There’s no question that the expectations we set for ourselves and our organizations have a significant impact on results. Therefore, leaders need to use the right processes and spend time setting expectations for success. We’re all familiar with the concept of self-fulfilling prophecies. Wikipedia defines it as “the socio-psychological phenomenon of someone ‘predicting’ or expecting something, and this ‘prediction’ or expectation coming true simply because the person believes it will and the person’s resulting behaviors aligning to fulfill the belief.”
Expectations also influence satisfaction. I once boarded a plane where the comical flight attendant announced, “Ladies and gentlemen, if we don’t meet your expectations in any way during this flight, please lower your expectations.” The passengers all got a laugh, but there is also a powerful message here about how we feel when results fall short of expectations.
The Envisioned Future and Setting Successful Expectations
One of the first things we tackle with new clients is the setting of a long-term Envisioned Future. This becomes their ‘True North’ which, if well established and understood, acts as a guide to all short-term and long-term goal setting and decision making.
Achieving excitement or engagement about the Envisioned Future with employees may require a certain amount of detail. This is called creating a painted picture for the future which describes what it will be like when the future state is achieved. Brian Scudamore, the founder of 1800GotJunk based in Vancouver, describes it this way:
“I go back to the drawing board every four years and envision future possibilities. We call this document our “Painted Picture” and it continues to be the North star of our business. I now develop it with my team and incorporate our communal hopes and goals. It’s framed and hung in the lobby of the Junktion (our office) as a constant reminder of where we’re headed.”
In 1961, when John F. Kennedy announced that, “by the end of the decade we will put a man on the moon and return him safely to earth,” it was an excellent statement of the desired Envisioned Future. At the time national pride was at stake, the United States was embroiled in the Cold War, and this statement brought together a nation against a common enemy in the so-called Space Race. It created thousands of jobs, advanced new technologies, and improved the ruling party’s political stability with voters, but those were just byproducts to an Envisioned Future that had meaning for the country’s citizens.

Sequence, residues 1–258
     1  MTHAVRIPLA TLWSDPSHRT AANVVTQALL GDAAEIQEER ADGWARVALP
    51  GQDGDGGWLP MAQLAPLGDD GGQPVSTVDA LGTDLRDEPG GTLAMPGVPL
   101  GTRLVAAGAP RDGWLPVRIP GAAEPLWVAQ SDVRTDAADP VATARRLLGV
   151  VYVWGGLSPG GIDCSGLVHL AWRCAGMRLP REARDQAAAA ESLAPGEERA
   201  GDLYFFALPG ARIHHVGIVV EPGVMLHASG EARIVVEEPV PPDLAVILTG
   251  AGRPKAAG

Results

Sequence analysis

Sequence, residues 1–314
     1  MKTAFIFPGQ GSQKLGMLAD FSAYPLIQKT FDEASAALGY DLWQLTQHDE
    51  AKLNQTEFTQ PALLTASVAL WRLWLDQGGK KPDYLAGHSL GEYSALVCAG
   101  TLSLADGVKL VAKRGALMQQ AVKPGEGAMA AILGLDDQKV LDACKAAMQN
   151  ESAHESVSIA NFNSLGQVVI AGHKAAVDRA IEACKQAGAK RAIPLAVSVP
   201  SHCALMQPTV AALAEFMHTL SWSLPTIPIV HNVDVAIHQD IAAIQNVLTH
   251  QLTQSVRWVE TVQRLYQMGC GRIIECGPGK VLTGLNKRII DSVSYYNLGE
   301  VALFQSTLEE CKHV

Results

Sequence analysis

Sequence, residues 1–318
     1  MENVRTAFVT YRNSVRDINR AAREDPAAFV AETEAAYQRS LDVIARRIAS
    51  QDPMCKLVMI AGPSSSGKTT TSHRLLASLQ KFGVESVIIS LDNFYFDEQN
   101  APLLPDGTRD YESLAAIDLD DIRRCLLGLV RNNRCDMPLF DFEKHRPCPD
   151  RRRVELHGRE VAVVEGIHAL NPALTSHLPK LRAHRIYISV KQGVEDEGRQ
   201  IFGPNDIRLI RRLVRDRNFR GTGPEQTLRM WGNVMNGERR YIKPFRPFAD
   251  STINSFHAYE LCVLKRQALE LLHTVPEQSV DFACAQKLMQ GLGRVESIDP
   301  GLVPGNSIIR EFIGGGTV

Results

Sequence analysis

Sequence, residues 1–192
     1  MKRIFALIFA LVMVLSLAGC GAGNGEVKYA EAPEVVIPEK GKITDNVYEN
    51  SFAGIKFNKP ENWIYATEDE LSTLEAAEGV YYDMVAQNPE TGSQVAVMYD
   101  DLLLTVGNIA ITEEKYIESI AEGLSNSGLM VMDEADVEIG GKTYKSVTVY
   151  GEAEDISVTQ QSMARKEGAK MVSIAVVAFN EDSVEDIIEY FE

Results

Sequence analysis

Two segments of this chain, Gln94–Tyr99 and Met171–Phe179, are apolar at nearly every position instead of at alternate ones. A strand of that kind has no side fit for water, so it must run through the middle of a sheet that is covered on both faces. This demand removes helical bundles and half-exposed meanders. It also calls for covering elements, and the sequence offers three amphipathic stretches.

The Power of Progress: 3 Steps to Success
In her book, “The Progress Principle”, Harvard professor Teresa Amabile claims that seeing progress towards a goal or successful expectation is a motivator for employees and drives higher levels of engagement. For this to occur, leaders must establish a cascading system of goals and expectations throughout the company which can be visible and objectively measured. This system includes:
Strategic Goals and Measures of Success
Clarity of the main objective, longer-term goals (like putting a man on the moon in 9 years) as well as 1-3-5-year measures and targets. Often these are financial (e.g. revenue, earnings) but can also include customers served, number of employees, geographic reach, and a variety of other definitions of success.
Quarterly Priorities and Targets
Breaking the annual targets down even further, winning organizations establish 90-day priorities and targets aligned to the annual and 3-5 year expectations for success.
Tracking Company Success Role Scorecards
The final element of the system of expectations for success is at the individual level. Every team member needs clear, objective expectations of success captured in role scorecards for each role. All the role scorecards, when looked at in aggregate, need to advance the organization towards its vision; it is a system of collaborating parts not unlike an automobile that has many unique components that result in transporting us from place to place. Our friend Stephen Lynch writing for The Economist states, “It is even better when this concept can be taken to a higher level of granularity, and every key individual has their own personal top three action priorities for the quarter. If you can combine this level of focus with a culture of accountability, your organization will become truly effective at executing strategy.”
If you would like a free role scorecard template for your company, reach out to our team.
Expectations vs. Budgets
Most organizations set financial budgets. These are usually administered and aggregated by finance teams with input from department leaders who are rewarded on meeting or exceeding budget numbers. As such, budget numbers are often overly conservative and do not stretch the organization to its full potential.
Leaders must be aware of this, and we suggest that the envisioned future, strategic goals, and even role scorecard metrics be set separately from budgets. Consider the budget numbers as the conservative or worst-case scenarios, while other goals and targets are the ideal.
Setting Expectations for Success
Successful organizations and leaders pay careful attention to the expectations they set. They use the self-fulfilling prophecy effect to advantage, and ensure there is a well communicated and understood system of expectations for success across various timeframes (long and short term) and scope (company, departments and individuals). They make the progress towards expectations visible to drive high levels of motivation and accountability.